Social media has been both a blessing and a curse for athletes. On the positive side, it allows athletes to build their own personal brand, engage with fans, and promote themselves and their sponsors. Some young players in North America have become wildly popular via social media before they even make it to professional leagues. This has allowed some younger athletes to strike major deals with brands despite having little professional experience.

A recent example is Zion Williamson, whose popularity saw him strike a lucrative shoe deal with Nike’s Jordan brand. The tie-up, which runs over seven years, is worth approximately $75 million in total, or around $10.7 million a year.

However, social media has been the undoing of many athletes and their public reputations over the years. Every post from sport’s most popular athletes has millions of eyes on it, and one potential slipup can do irreparable damage to their personal brand.

Rising NBA star Anthony Edwards has been in the news recently for making homophobic comments on his Instagram account, which has 1.2 million followers. In his two years in the NBA with the Minnesota Timberwolves, Edwards has established himself as an incredibly popular figure within the league, even among other team’s fanbases. His style of play is among the most exciting in the league, while his joking personality has earned him many plaudits, and this has made him ripe for potential sponsorship opportunities.

The ideal situation for a brand is to identify a talented athlete early in their career with real star power who has the potential to become a megastar. LeBron James is perhaps the best example of this, having signed a lucrative deal with Nike as an 18-year-old, which has since been extended into a lifetime deal. James’ career has established himself as one of the greatest players in NBA history, and his career has been relatively free of controversy barring some comments concerning China in the summer of 2019.

Edwards put out an apology shortly after the controversy, but some online have criticized it, suggesting it was clearly written by a PR team given that many of Edwards’ tweets are written in a different format. Edwards is just one of a long list of athletes who have caused themselves issues. The financial damage that posts like this have can be monumental, as brands are always looking to protect their own public image. If they feel like their association with a given athlete is giving them negative press, then many will look to sever the agreement, which can often cost an athlete millions. Given that many of the largest sums of money earned by NBA athletes are through endorsement deals, this can be a huge blow to an athlete.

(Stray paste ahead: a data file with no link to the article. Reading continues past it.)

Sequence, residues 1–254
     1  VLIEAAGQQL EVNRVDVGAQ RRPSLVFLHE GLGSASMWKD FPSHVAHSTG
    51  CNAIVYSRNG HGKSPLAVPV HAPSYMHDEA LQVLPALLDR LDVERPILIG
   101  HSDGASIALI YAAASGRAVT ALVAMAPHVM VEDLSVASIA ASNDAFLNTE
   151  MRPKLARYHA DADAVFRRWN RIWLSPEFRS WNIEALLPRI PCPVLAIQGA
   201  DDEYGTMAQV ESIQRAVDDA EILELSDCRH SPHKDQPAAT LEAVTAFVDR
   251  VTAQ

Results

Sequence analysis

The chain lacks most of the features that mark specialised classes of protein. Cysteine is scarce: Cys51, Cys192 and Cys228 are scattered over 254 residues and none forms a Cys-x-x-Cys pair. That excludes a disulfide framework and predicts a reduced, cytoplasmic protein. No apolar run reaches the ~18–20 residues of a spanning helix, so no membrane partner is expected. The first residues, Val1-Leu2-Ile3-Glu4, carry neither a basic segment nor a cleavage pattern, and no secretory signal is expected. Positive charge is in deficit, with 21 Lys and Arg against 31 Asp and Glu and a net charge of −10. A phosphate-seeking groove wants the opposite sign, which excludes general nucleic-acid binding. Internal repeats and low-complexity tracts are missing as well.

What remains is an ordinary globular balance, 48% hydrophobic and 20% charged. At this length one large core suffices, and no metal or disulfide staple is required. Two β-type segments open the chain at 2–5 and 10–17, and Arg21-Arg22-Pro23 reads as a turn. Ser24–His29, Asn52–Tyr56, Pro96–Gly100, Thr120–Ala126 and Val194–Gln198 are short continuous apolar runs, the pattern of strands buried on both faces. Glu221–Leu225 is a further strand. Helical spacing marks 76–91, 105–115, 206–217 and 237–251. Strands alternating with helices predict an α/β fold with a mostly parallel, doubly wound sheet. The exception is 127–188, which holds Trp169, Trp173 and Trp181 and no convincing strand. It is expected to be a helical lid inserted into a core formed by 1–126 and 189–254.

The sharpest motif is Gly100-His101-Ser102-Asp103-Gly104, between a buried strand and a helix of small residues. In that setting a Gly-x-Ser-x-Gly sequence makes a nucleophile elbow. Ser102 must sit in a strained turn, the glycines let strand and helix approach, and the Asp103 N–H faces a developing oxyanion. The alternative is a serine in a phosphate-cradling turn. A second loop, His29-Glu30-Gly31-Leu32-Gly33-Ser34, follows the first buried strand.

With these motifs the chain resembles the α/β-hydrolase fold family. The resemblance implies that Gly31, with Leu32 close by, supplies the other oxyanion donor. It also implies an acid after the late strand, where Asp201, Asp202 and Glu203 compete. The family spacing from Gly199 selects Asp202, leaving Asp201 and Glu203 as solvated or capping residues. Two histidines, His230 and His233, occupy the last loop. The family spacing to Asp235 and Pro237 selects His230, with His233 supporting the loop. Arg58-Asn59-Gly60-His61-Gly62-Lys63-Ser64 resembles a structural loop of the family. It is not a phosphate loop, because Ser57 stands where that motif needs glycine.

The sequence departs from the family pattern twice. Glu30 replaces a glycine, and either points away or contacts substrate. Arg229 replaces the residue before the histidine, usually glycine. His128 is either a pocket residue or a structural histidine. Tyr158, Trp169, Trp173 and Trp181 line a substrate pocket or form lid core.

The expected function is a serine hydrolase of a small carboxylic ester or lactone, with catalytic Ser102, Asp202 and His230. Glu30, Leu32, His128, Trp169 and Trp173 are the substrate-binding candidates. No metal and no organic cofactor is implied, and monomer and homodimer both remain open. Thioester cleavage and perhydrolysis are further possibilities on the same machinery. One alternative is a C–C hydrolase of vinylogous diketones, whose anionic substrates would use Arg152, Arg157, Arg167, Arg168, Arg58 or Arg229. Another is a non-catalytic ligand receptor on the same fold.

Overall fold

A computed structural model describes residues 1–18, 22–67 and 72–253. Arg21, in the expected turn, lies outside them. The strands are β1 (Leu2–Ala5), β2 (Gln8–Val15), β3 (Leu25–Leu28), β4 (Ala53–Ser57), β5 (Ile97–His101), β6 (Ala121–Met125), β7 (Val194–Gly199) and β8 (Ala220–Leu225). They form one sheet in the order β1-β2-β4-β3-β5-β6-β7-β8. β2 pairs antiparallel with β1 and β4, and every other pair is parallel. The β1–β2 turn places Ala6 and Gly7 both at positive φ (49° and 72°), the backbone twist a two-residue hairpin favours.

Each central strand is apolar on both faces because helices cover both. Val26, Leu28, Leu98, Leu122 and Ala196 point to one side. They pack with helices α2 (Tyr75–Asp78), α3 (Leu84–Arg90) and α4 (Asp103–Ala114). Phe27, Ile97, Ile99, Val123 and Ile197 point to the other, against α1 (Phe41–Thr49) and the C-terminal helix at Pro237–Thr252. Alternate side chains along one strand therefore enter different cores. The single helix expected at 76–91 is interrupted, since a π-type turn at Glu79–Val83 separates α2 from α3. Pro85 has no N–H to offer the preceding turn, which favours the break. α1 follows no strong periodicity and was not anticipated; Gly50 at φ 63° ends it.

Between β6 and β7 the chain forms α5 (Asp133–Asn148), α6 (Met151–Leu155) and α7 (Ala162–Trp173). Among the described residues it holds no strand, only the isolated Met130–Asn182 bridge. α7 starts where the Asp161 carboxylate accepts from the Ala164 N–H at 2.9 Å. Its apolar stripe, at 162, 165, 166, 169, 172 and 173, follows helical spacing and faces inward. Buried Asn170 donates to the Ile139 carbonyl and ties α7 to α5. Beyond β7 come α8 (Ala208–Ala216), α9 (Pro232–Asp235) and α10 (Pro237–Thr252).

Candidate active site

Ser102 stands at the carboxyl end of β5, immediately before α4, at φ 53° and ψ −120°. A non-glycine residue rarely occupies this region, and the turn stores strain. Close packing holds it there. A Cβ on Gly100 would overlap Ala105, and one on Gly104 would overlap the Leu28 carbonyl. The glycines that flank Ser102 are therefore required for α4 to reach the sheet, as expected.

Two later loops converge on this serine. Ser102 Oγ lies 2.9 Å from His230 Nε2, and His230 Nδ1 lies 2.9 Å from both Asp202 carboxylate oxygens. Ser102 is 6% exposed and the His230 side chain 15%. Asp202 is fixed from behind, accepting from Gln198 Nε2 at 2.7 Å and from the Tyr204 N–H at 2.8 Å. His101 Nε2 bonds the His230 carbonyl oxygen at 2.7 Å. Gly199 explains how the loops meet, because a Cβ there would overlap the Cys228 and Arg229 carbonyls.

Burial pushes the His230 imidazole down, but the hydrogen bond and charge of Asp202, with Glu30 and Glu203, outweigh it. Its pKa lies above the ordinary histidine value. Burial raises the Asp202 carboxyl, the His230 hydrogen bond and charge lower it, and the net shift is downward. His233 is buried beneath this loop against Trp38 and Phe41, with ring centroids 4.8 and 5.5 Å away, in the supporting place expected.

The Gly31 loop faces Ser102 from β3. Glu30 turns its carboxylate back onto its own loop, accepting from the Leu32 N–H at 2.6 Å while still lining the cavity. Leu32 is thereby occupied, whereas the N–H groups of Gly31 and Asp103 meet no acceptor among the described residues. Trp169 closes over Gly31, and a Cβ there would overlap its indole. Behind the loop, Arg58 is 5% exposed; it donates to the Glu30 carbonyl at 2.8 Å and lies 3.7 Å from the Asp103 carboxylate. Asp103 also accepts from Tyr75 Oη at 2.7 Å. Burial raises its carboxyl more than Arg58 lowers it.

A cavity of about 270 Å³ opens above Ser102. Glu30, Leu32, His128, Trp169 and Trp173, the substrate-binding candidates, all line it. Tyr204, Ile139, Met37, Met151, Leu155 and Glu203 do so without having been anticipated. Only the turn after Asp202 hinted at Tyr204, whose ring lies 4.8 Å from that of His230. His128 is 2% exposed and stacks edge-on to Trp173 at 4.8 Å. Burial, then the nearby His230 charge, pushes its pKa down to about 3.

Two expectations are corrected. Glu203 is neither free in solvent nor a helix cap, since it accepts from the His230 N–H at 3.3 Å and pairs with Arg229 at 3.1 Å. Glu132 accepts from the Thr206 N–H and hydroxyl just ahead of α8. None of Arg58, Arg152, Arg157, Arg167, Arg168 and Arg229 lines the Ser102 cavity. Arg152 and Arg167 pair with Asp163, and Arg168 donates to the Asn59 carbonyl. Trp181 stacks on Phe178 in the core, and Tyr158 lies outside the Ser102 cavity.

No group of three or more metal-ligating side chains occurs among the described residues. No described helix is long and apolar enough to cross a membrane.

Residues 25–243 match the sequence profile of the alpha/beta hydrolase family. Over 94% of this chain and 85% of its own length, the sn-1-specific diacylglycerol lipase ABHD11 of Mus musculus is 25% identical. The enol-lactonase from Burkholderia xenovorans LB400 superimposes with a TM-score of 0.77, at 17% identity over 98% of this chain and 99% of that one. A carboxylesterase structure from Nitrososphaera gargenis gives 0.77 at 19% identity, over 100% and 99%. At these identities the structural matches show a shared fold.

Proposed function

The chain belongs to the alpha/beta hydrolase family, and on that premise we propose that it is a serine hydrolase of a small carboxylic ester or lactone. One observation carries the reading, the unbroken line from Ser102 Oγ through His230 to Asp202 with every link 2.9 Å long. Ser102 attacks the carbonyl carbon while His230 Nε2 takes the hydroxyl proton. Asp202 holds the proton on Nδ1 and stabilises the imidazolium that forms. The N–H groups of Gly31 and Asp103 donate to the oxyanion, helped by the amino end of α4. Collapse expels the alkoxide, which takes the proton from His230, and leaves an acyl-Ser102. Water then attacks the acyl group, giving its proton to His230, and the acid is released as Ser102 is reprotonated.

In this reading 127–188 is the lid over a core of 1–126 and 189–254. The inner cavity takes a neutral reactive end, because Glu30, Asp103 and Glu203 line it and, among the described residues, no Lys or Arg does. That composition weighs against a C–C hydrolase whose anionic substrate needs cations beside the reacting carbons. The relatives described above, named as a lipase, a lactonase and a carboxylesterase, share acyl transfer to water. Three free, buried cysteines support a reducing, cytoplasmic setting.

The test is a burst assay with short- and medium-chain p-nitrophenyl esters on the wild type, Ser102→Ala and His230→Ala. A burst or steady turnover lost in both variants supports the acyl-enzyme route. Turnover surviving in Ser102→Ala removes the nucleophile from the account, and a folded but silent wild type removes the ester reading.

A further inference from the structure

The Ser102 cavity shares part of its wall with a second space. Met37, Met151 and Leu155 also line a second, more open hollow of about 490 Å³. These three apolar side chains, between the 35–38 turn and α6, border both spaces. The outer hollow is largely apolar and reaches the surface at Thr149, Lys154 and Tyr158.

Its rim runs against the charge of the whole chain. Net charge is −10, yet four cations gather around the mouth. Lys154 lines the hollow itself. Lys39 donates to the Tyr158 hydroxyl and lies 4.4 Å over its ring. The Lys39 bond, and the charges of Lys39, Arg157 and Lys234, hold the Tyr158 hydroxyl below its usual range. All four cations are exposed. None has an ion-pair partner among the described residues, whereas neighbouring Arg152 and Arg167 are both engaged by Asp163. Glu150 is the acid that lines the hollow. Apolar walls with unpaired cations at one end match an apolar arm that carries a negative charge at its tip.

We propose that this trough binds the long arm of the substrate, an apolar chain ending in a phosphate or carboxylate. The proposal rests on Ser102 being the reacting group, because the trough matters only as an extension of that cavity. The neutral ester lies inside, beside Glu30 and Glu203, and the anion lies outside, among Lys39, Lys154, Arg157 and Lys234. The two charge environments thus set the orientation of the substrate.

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Edwards was fined $40,000 by the league for his actions, while Minnesota Timberwolves president Tim Connelly expressed the franchise’s disappointment at his comments, as well as offering an apology to those affected by the post. Edwards’ sheer talent and star power will likely see him avoid any serious further punishment, which also raises questions about the severity of consequences issued by sporting authorities and whether some athletes are largely exempt from meaningful consequences due to their talent. The reality is that star power is an important draw for any sport, and many leagues would be unwilling to ban players of a certain caliber for fear of lower viewership figures. After all, some viewers will only tune in to see specific players compete.

Not only do players have to be careful what they post, but they also have to be careful about how they act when they are out and about. In the social media era, people are constantly filming, and many athletes have been filmed during their downtime and had it posted to social media. This over-surveillance is symptomatic of the intrusive nature of social media as a whole and has led to athletes needing to be extra cautious in public.

While athletes shouldn’t be acting illegally in their personal lives, being regularly filmed while they aren’t working is an issue most other people simply don’t face and highlights how athletes are held to a different standard than most. Many former professional athletes have commented on how difficult it would be to be an athlete in the modern age, given the scrutiny and pressure. While social media has undoubtedly had benefits for athletes, it has also forced them to become more far more cautious and careful than their peers would have 20 years ago.

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